• Rune Walsh (スレイ・ウォルシュ (Surei Uorushu?) in the Japanese version) is an enigmatic and somewhat caustic man. Rune is one of the few people remaining in Algol with knowledge of the forgotten power of "magic". Rune is strong-mined and powerful, but, at times, he tends to argue with Chaz, but they eventually learn to respect one another. He is eventually revealed to be the latest reincarnation of the legendary wizard, Lutz. Rune serves as a stereotypical magic-user in battle, with low health and strength, few armor choices, powerful attack techniques, and high magic statistics.
  • Gryz (パイク (Paiku?) in the Japanese version) is a nineteen-year-old Motavian warrior and, along with his sister Pana, one of the two sole refugees from the razed city of Molcum. Gryz is driven by a need to protect Pana, as well as by a powerful thirst for vengeance against the one responsible for the devastation of his home, Zio. Gryz is very strong yet slow and uses axes in combat; however, he has few abilities aside from his powerful physical attacks.
  • Rika (ファル (Faru?) in the Japanese version) is a Numan, the product of a thousand years of continuous research in genetic engineering by the biological support system artificial intelligence, Seed. Rika is effectively a descendant, clone, and superior version of Nei, originally born to carry out the will of Seed. She is also very observant and open-minded, and is very fascinated by the outside world. During the events in the game, she develops a relationship with Chaz. Rika is very fast and agile, and she uses artificial claws as her weapons; she also has a number of healing and supportive techniques.
  • Demi (フレナ (Furena?) in the Japanese version) is an android created by Wren to regulate the Nurvus central control system of Motavia. She was captured and held hostage by Zio, but is later rescued by Chaz and company. Her knowledge of the history of the development of Motavia and expertise in stabilizing the environmental controls prove to be a valuable asset. Demi uses guns as her weapons and possesses several internal devices to assist in her defense, though she is especially weak against magic. She could be described as a power-type character despite having a few healing and support abilities.
  • Wren (フォーレン (Fōren?) in the Japanese version) is the android custodian of the space station Zelan, a surviving control complex and current center of Algol's remaining support systems, as well as Demi's master. He is driven by a responsibility of maintaining the environmental controls of Algo, and therefore goes to great lengths to ensure safety of the system. Despite his many physical similarities to Wren from Phantasy Star III, the two characters are unrelated. Wren functions much like Demi in battle, using heavy guns as his weapons while being loaded with a number of devices to assist him in combat; he is very strong against physical damage, but is especially weak against magic, so he is a power-type character.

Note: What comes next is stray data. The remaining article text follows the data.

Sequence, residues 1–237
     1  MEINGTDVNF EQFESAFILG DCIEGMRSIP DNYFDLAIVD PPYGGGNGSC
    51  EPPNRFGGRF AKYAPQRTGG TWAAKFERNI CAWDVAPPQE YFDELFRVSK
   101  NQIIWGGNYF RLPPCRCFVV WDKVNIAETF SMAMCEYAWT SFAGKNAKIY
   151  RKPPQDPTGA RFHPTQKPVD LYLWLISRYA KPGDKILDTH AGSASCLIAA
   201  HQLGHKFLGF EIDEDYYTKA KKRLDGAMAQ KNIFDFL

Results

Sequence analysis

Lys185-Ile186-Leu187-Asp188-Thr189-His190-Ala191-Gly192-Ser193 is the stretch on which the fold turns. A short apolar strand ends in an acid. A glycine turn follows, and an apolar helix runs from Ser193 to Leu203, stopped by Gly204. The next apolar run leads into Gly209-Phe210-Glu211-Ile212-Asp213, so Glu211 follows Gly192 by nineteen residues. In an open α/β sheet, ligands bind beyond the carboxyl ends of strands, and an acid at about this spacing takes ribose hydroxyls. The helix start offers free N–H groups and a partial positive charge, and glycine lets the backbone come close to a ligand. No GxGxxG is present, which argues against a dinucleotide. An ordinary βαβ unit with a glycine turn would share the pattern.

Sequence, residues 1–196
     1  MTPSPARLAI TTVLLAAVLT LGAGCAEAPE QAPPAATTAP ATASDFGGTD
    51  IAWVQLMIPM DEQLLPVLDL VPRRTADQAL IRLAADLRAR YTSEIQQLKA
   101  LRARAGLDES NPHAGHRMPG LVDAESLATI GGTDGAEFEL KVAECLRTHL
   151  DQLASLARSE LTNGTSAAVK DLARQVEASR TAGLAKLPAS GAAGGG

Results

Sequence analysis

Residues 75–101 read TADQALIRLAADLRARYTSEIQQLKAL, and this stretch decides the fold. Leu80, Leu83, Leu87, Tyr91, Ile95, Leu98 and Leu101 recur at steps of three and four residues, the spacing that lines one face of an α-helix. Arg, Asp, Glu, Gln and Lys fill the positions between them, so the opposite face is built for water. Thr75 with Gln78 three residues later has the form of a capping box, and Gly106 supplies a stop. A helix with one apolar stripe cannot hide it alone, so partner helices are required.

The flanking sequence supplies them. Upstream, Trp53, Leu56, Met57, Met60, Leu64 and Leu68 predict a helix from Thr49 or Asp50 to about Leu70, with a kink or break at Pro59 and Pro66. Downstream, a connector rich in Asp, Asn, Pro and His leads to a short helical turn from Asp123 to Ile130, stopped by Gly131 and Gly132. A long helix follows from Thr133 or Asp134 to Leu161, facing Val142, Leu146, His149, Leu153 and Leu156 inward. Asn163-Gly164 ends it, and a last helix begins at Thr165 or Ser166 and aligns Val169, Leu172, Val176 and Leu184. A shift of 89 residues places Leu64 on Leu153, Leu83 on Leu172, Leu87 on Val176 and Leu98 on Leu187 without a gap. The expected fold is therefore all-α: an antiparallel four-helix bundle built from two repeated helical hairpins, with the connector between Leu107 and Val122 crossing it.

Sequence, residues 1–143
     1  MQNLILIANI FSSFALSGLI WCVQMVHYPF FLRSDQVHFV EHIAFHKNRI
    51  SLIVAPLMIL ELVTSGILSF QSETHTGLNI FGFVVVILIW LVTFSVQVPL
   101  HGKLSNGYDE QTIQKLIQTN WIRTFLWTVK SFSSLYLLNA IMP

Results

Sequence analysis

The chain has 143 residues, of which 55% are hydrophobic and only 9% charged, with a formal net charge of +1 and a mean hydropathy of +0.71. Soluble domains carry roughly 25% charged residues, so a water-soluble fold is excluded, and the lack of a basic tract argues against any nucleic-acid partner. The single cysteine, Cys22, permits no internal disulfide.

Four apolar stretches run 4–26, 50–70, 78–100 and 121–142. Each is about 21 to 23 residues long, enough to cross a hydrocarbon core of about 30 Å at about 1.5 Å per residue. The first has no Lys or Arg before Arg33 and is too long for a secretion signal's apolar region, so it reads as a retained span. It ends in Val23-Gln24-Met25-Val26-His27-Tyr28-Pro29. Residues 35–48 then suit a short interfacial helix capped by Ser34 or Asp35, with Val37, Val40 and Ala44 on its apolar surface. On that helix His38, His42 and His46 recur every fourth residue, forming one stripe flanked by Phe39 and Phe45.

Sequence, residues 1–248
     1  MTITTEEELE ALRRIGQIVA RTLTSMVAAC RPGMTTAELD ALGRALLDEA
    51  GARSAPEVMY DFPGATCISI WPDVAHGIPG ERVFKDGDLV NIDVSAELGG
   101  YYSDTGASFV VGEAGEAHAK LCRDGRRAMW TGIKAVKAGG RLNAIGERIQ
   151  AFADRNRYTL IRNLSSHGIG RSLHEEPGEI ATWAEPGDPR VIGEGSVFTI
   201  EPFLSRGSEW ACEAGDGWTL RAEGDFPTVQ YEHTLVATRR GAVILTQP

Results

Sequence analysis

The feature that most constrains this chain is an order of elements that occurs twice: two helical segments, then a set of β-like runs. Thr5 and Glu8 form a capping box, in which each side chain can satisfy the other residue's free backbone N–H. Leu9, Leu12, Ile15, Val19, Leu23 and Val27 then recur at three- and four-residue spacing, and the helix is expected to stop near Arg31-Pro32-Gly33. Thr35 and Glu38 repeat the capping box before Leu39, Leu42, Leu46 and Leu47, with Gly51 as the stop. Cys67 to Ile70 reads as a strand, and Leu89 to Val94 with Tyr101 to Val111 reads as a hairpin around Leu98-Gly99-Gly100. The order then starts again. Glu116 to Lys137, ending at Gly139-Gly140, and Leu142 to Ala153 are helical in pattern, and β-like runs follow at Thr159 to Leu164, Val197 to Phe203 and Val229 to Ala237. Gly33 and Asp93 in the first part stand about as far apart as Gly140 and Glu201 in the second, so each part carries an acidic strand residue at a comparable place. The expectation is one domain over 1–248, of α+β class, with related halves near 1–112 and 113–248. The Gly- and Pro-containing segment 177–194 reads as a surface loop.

• Raja (ス・ラジャ (Su Raja?) in the Japanese version) is a Dezolisian priest who successfully talks his way into Chaz's party after an emergency crash landing completely destroys Raja's temple. He also displays a witty sense of humor, of which only Rika appreciates. Raja is a stereotypical healer in battle; he is physically frail, has few attack options, but has many healing techniques as well as a skill that lets him restore the party's technical points, and is highly resistant to magic damage.
  • Kyra Tierney (シェス・ティアニー (Shesu Tianii?) in the Japanese version) is an eighteen-year-old, aggressive, tomboyish Esper, one of the dwellers within the Esper Mansion, abode of the great Lutz, of which she has a fascination of. She is prone to making rash decisions, but displays determination when needed. Kyra is a balanced-type character; she uses slashers and has a decent repertoire of attacking and healing techniques and skills, while being far more durable than other mage-type characters.
  • Seth is a thirty-nine-year-old polite and curious traveling archaeologist who meets the party outside the Soldiers' Temple. He is often full of wonders and is fascinated by the group's strength. In battle, Seth functions exactly like a much-simplified Hahn, being a magic-user with a short list of powerful offensive abilities, though he lacks healing powers.


  • Zio, the Black Magician, is the mysterious and baleful, yet strong cultist whose acts are menacing Motavia. Zio possesses frightening powers of unknown provenance and holds effective political control of the city of Kadary. He wishes to rid Motavia of those he deemed "unworthy of life".
  • Reipard La Shiec (Shortened to "Lashiec" in the game, "Lassic" in Phantasy Star I) was the tyrannical potentate of Algol and served as the primary antagonist of Phantasy Star. Resurrected by Dark Force, he orchestrates the burglary of an artifact called the "Eclipse Torch" in order to lure Rune deep into space.
  • Dark Force is the recurring final enemy of the Phantasy Star series, always nightmarish in form though its appearance changes between games. In Phantasy Star IV, the entity is revealed to be manifested from The Profound Darkness' will, serving to release The Profound Darkness from its solar system prison. It is the "god" at the center of Zio's church, and serves as Zio's patron, but there is now more than one of it, with each Dark Force orchestrating a separate destructive act to destroy Algo.
  • The Profound Darkness is the final boss of Phantasy Star IV. It was born when the creator of the universe, after having made reality, subsequently split into two antithetical beings, one being The Great Light, and the other The Profound Darkness. The two battled; The Profound Darkness lost and was sealed within an inter-dimensional prison that is kept locked by the Algol star system. The seal was weakened considerably when the planet Parma was destroyed a thousand years ago, giving The Profound Darkness its best chance of escape.